Up on Strong Jobs Report
A trio of forces helped the major U.S. stock indexes end the week on a high note Friday, with market heavyweight Apple (AAPL) reporting expectations-beating results, embattled banking shares rebounding, and a strong jobs report helping alleviate some recession concerns.
Apple's shares were up nearly 5% after its late Thursday report of first-quarter earnings per share (EPS) of $1.52, about 9 cents above Wall Street forecasts, on revenue of $94.84 billion. Although the company's overall sales were down for the second straight quarter, revenue from iPhone sales was up 5.1% from a year earlier. The company also announced a dividend increase and a $90 billion stock buyback.
Meanwhile, regional lenders PacWest (PACW), Western Alliance (WAL), and Zions Bancorporation (ZION) all bounced sharply after being knocked back in the previous day's trading following reports that JPMorgan said in a research note the banks appear to be "substantially mispriced."
Finally, the Labor Department added to the good mood Friday morning when it reported that the U.S. economy added 235,000 non-farm jobs in April, well above the 180,000 new jobs economists had predicted following more than a year of aggressive interest rate increases by an inflation-fighting Federal Reserve.
Jeffrey Kleintop, Schwab's chief global investment strategist, says Friday's jobs report provided some reassurance that the recent troubles with the banking sector haven't hastened the arrival of a recession.
Additionally, "Apple reported iPhone sales rebounded . . . helping push the Information Technology sector into the green for the week—the only sector to post a weekly gain. Even banks rallied."
Still, Jeffrey cautions, "this doesn't mean stocks are on a straight upward path from here. The solid labor market raises questions about whether the Fed will actually cut rates later this year. Banks could still pose a risk to the economy as credit conditions tighten, and inflation remains a factor with next week's inflation readings on tap." Here's where the major indexes ended:
The S&P 500® Index was up 75.03 points (1.9%) at 4136.25; the Dow Jones industrial average was up 546.64 (1.7%) at 33,674.38; the Nasdaq Composite was up 269.01 (2.3%) at 12,235.41.
The 10-year Treasury yield was up about 8 basis points at 3.431%.
Cboe's Volatility Index was down 2.89 at 17.20.
Financial shares were a bright spot Friday, with the KBW Regional Banking Index up over 4% after sinking near a 2½-year low Thursday. Energy stocks were also strong as crude oil futures rallied over 4% and pushed back above $70 a barrel. Small-cap stocks also gained, with the Russell 2000 up more than 2%.
The following companies reported quarterly earnings over the past day:
Lyft (LYFT) late Thursday reported a loss of 7 cents per share, slightly worse than analysts expected, though its $1 billion of revenue exceeded forecasts. The ride-hailing company also provided weak revenue guidance for the current quarter, which helped send its shares down 19%.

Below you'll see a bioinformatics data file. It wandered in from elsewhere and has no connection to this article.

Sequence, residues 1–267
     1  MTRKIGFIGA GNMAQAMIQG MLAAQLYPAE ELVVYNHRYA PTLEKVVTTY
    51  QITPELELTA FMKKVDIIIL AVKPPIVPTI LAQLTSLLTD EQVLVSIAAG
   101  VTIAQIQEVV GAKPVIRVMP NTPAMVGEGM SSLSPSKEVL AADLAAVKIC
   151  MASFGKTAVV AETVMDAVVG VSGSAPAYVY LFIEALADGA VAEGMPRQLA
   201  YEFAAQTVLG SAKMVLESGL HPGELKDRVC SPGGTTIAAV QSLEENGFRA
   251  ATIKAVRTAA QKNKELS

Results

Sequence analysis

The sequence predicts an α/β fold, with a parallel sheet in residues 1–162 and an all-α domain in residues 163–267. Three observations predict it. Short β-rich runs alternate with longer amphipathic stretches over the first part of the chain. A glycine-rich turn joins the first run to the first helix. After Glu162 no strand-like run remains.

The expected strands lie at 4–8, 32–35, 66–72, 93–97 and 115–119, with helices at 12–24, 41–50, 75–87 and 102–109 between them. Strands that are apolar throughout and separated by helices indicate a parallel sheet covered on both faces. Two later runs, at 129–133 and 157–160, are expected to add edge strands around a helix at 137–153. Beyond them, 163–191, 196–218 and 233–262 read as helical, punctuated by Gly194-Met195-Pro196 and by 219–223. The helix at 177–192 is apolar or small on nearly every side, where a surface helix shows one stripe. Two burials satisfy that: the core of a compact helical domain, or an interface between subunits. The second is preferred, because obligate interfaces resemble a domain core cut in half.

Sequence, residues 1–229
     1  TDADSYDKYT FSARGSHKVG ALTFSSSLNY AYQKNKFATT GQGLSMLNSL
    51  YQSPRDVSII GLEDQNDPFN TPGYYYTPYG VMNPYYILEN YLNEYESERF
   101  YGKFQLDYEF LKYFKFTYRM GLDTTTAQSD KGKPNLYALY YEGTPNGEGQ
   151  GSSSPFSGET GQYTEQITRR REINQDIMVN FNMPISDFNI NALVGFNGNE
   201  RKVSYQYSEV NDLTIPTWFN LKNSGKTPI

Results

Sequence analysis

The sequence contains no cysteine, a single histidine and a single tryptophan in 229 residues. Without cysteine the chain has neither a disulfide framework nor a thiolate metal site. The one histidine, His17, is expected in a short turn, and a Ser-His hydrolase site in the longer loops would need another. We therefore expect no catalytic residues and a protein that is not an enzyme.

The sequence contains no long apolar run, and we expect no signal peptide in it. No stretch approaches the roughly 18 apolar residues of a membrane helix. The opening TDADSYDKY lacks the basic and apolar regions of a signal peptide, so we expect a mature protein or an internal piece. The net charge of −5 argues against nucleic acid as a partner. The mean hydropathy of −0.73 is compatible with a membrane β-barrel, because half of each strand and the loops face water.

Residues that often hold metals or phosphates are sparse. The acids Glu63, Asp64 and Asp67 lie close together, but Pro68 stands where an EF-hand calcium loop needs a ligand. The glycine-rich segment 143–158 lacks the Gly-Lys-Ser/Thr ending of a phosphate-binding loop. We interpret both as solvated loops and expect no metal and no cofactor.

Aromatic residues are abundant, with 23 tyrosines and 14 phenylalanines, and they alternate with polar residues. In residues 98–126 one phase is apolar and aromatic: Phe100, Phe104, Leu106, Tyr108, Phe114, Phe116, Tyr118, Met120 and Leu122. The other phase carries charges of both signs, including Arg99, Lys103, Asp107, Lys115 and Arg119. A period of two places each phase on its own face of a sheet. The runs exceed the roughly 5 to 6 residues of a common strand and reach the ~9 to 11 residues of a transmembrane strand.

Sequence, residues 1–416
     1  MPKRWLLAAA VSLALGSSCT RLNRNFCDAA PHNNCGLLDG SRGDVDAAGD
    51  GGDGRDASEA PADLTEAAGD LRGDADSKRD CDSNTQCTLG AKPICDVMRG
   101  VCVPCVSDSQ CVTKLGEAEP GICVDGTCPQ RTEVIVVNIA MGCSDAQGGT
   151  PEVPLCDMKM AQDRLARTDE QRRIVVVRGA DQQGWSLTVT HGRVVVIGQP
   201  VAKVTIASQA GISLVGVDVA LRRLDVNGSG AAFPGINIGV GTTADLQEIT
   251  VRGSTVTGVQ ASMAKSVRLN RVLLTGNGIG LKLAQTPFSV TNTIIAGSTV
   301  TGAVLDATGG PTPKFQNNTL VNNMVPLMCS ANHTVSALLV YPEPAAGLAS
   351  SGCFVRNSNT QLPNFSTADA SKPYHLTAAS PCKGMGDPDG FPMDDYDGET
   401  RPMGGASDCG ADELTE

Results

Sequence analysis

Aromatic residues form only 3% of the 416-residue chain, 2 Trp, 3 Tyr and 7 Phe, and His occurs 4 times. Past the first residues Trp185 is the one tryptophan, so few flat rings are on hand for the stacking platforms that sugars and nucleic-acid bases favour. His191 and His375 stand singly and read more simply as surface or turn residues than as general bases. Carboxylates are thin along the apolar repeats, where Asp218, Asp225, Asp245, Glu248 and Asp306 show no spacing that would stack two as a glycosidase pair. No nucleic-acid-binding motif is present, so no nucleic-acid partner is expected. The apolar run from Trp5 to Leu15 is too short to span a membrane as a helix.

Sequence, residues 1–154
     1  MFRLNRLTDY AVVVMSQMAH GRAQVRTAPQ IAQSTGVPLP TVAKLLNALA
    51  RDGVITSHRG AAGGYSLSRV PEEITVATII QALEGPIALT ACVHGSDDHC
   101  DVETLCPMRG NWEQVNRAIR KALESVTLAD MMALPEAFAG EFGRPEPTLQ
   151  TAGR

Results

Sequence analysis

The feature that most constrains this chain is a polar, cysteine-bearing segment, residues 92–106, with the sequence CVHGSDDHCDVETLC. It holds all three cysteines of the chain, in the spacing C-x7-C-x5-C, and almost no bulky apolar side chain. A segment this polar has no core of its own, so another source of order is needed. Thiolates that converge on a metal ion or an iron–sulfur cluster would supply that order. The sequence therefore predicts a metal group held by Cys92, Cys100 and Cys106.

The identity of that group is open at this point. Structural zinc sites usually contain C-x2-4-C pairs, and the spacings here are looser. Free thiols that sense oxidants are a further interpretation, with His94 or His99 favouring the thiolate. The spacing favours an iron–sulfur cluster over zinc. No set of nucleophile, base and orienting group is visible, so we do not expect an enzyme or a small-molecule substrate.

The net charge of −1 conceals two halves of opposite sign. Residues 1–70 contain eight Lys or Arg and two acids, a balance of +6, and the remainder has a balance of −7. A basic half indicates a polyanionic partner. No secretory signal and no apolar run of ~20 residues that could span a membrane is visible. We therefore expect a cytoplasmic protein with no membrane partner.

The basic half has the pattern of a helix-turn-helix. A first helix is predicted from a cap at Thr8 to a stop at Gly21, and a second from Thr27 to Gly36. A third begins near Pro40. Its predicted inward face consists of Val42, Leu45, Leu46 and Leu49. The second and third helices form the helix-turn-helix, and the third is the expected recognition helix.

Coinbase (COIN) late Thursday reported a smaller-than-expected loss of 34 cents a share. Additionally, Wedbush Securities analysts reiterated an "outperform" rating on shares of the cryptocurrency platform. Its shares rose more than 18%.
Earnings season will be slower next week, with just a couple hundred companies expected to report results, compared to over 2,600 this week. Some of the standout names include Disney (DIS), PayPal (PYPL), Duke Energy (DUK), and UnderArmour (UAA).
Wage growth accelerates
Friday's strong Employment Report offered a little something for both the economic optimists and the pessimists who fear additional interest rate increases.
While April's payroll growth of 253,000 was well above expectations, the Labor Department also downwardly revised its combined February and March totals by a combined 165,000. The unemployment rate fell to 3.4%, which is tied for the lowest level since 1969. Also, average hourly earnings, a key inflation barometer, rose 0.5% for the month, more than the 0.3% economists had expected and the biggest monthly gain in a year. On an annual basis, wages were up 4.4%, higher than the expectation for a 4.2% gain.
The Fed has been eager to tamp down wage and job growth as it battles a historic surge in inflation with 10 rate hikes over the past year. The wage numbers in Friday's report could boost the odds of an 11th hike when the central bank's policy arm meets again in June. However, the market appears to expect the Fed to stand pat for now. As of late Friday, investors saw a 90% probability that the Fed would leave rates unchanged.
For those in the market expecting a "pause for the cause," a word to the wise: Don't get your hopes up.
"The Federal Reserve is not in pause mode yet," the Schwab Center for Financial Research says in a report Friday. Fed Chair Jerome Powell "kept the door open (even if slightly) for future rate increases, given [his] several mentions of a tight labor market and still-high inflation."
The Fed's recent messaging "is about optionality, not pre-committing to a move," the report says. "Perhaps more important is that Powell (in remarks earlier this week) pushed back harder against the prospect of rate cuts this year. Those would only occur in the face of weaker economic/labor data."
Other central banks are taking a similar tack. The European Central Bank (ECB) raised its benchmark rate Thursday. The report notes that the ECB is "adamant it is not pausing."
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